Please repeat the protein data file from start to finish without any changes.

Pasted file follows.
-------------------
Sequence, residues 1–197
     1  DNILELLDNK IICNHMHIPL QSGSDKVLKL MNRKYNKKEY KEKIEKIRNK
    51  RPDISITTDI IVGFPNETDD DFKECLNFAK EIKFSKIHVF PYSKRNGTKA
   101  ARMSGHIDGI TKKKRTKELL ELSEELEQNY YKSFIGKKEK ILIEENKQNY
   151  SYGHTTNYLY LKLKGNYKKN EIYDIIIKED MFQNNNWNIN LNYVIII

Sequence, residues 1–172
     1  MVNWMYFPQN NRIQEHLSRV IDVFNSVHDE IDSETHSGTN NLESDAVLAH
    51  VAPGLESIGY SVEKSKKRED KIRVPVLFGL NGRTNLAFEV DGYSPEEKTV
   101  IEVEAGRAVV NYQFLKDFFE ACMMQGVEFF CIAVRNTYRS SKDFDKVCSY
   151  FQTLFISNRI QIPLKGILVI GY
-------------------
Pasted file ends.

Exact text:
Sequence, residues 1–197
     1  DNILELLDNK IICNHMHIPL QSGSDKVLKL MNRKYNKKEY KEKIEKIRNK
    51  RPDISITTDI IVGFPNETDD DFKECLNFAK EIKFSKIHVF PYSKRNGTKA
   101  ARMSGHIDGI TKKKRTKELL ELSEELEQNY YKSFIGKKEK ILIEENKQNY
   151  SYGHTTNYLY LKLKGNYKKN EIYDIIIKED MFQNNNWNIN LNYVIII

Sequence, residues 1–172
     1  MVNWMYFPQN NRIQEHLSRV IDVFNSVHDE IDSETHSGTN NLESDAVLAH
    51  VAPGLESIGY SVEKSKKRED KIRVPVLFGL NGRTNLAFEV DGYSPEEKTV
   101  IEVEAGRAVV NYQFLKDFFE ACMMQGVEFF CIAVRNTYRS SKDFDKVCSY
   151  FQTLFISNRI QIPLKGILVI GY